Importantly, this could be achieved without exposing patients to any additional risk which represents a recurrent theme of concern in this thesis surrounding research without explicit prospective consent. This research demonstrates that the public recognise the requirement for research without prospective informed consent, with the degree of risk being a key consideration. Policy makers and guidelines need to explicitly address this type of research in regulatory documents, to ensure such research can continue, and the trust of the public and community in maintained. In Australia, guideline documents do not explicitly define requirements for emergency and time-critical research and specific requirements vary by jurisdictions due to local legal requirements. This needs to be addressed as a priority, to ensure that important research into time-critical and life-threatening conditions such as paediatric SE can continue. The involvement of consumers in the process, such as the data presented in this thesis, is essential in maintain the trust of the community.

Conclusion: Paediatric SE is an important cause of morbidity and mortality in children. Care often involves unproven therapies that are introduced into standard care and guidelines. This generally occurs with community acceptance and legal protections for time-critical interventions. Paradoxically, quality research is often thwarted due in part to ethical complexities, including the inability to obtain prospective informed consent in time-critical situations. In situations where there is clinical equipoise, and clear evidence does not exist, a compelling ethical argument can be made that similar standards should be applied to research, especially when considering the additional protections offered under the oversight of a high-quality randomised controlled trial. The data presented in this thesis indicates that the general public do not make a distinction between clinical care and research, providing that there is no exposure to additional risk. This research represents an important first step in the design of a program of research on paediatric SE to address these important clinical issues, in an ethical manner that will be acceptable to the community. A combination of real time registry, learning health systems, and innovative clinical trial designs is required, with consent requirements that are appropriate for the level of risk to participants, and congruent with community expectations.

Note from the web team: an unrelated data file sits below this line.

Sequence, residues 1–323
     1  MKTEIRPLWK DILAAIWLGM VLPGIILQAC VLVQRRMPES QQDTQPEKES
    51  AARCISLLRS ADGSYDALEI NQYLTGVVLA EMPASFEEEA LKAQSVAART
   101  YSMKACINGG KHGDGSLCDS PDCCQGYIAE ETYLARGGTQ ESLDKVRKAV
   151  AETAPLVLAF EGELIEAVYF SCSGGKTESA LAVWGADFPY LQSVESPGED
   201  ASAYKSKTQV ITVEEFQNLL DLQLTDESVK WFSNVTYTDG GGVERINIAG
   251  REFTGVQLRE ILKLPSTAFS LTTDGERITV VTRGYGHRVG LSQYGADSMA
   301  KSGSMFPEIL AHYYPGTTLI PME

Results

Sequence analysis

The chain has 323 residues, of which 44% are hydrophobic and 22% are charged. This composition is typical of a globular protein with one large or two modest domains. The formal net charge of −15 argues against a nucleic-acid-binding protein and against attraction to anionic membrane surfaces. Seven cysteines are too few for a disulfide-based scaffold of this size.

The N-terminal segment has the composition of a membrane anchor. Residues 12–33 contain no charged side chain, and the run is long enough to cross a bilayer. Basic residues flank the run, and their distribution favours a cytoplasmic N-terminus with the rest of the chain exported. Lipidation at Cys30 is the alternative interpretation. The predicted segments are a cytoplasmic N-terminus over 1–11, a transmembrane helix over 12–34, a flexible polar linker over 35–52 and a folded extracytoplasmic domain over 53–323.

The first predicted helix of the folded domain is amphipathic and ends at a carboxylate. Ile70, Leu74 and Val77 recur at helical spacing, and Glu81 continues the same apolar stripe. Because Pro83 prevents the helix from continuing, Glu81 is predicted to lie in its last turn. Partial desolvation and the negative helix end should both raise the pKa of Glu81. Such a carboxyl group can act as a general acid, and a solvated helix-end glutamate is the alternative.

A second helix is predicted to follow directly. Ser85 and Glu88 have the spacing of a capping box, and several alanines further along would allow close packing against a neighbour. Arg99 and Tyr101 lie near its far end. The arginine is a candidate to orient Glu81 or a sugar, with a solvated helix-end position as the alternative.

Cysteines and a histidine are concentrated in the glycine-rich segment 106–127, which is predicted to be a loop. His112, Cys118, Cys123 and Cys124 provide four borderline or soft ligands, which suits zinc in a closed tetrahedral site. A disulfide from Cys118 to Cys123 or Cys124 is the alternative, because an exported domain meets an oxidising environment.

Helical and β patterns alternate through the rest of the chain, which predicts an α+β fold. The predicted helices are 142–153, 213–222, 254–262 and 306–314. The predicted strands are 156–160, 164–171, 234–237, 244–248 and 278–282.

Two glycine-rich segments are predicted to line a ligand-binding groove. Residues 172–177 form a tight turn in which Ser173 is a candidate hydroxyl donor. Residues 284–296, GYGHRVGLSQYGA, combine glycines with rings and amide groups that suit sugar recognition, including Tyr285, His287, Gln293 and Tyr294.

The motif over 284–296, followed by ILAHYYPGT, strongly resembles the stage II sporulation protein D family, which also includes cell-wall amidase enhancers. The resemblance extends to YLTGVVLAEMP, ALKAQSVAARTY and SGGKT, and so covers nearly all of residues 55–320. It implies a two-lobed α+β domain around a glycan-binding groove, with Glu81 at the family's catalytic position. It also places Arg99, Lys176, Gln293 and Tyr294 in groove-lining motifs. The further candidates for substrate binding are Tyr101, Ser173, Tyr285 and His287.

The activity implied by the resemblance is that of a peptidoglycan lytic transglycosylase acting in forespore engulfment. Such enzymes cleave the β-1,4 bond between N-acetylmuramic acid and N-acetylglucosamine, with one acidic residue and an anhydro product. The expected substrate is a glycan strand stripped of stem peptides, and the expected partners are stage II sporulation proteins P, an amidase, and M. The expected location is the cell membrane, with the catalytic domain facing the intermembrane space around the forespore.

Item ID: 59813
Item Type: Thesis (PhD)
Keywords: ambulance, consensus, consent, Delphi, emergency care, emergency medicine, emergency, ethics, informed consent, paediatrics, pediatrics, seizures, status epilepticus
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Copyright Information: Copyright © 2019 Jeremy Furyk.
Additional Information:

This is a thesis by publication. Published articles included in chapters 3.2, 6.6 and 8.2 have been redacted from the thesis due to copyright restrictions.

Publications arising from this thesis are available from the Related URLs field. The publications are:

Chapter 3: Furyk, Jeremy, Watt, Kerrianne, Emeto, Theophilus I., Dalziel, Stuart, Bodnar, Daniel, Riney, Kate, and Babl, Franz E. (2017) Review article: paediatric status epilepticus in the pre-hospital setting: an update. Emergency Medicine Australasia, 29 (4). pp. 383-390.

Chapter 4: Furyk, Jeremy, Ray, Robin, Watt, Kerrianne, Dalziel, Stuart R., Oakely, Ed, Mackay, Mark, Dabscheck, Gabriel, Riney, Kate, and Babl, Franz (2018) Consensus research priorities for paediatric status epilepticus: a Delphi study of health consumers, researchers and clinicians. Seizure: European Journal of Epilepsy, 56. pp. 104-109.